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Finally: We Now Understand Why Edith Loved Archie

The creator of "All in the Family" explains.

Archie Bunker was the character known as everyone's favorite "lovable bigot" on the 1970s television show "All in the Family." He was a working-class husband and father whose conservative worldview, short temper and gruff persona made audiences chuckle, but Archie was more than a misguided laugh factory... At his core, he was also miserable.

The show's creator, Norman Lear, opened up about this unforgettable TV patriarch, played by Carroll O'Connor, when he sat down with Oprah Winfrey for a conversation on "SuperSoul Sunday."

"[Archie Bunker was] miserable because he couldn't deal with progress," Lear explains. "Progress included a black family that moved next door. He was afraid of tomorrow."

The show did more than just hint that this was a character with a strong aversion to the future, Lear adds. "That started with the opening song: 'Those Were the Days,'" he points out.

Ultimately, it was Archie's fear that kept him so flawed. 

"Archie Bunker was a fearful man," Lear says. "And he was a fool because he knew so little."

Carroll O'Connor had the role of Archie Bunker on "All in the Family," alongside Jean Stapleton, who portrayed his wife,
Carroll O'Connor had the role of Archie Bunker on "All in the Family," alongside Jean Stapleton, who portrayed his wife, Edith, both shown here on set in 1976.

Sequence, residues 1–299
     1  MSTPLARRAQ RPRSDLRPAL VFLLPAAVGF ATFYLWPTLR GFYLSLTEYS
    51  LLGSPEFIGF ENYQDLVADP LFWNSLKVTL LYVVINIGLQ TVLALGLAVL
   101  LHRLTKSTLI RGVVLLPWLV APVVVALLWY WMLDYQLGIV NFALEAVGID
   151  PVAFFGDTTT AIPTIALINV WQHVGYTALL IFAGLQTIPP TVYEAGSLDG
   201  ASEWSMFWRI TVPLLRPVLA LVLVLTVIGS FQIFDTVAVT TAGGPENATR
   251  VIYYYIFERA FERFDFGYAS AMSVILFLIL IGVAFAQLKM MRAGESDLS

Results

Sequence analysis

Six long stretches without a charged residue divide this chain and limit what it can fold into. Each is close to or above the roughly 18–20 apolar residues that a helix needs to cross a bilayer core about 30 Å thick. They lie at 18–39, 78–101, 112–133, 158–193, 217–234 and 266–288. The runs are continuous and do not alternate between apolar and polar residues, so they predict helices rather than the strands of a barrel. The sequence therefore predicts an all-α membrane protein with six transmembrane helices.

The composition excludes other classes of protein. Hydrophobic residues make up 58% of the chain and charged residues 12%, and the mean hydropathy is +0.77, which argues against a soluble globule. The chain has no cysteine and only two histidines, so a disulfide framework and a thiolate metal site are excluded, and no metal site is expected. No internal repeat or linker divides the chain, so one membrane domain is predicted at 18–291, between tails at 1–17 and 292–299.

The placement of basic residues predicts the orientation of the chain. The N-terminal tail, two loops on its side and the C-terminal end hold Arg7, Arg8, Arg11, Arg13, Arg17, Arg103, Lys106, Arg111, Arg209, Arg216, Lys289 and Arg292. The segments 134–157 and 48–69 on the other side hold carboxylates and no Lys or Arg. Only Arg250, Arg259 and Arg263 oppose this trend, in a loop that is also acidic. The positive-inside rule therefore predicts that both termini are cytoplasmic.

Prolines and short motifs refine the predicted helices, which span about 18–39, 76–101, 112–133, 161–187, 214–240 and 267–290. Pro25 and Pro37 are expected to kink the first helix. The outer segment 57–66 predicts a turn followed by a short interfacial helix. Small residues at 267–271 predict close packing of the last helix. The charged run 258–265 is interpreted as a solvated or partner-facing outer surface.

And yet, Archie's wife Edith -- who was often a target for some of his lighter jabs -- remained as loving and devoted as any spouse could. This, too, was an intentional part of writing the character development process. 

"We always asked ourselves, 'What would Jesus do?'" Lear says. "The Jesus we understand from everything we read and hear, not the way people performed. But the way they speak of him."

Through this lens, it seemed to make Archie, who was never intended to be viewed as malicious, appear in a different light. 

"Archie was a delightful human being to her," Lear says. "She loved the man."

"SuperSoul Sunday" airs Sundays at 11 a.m. ET on OWN.

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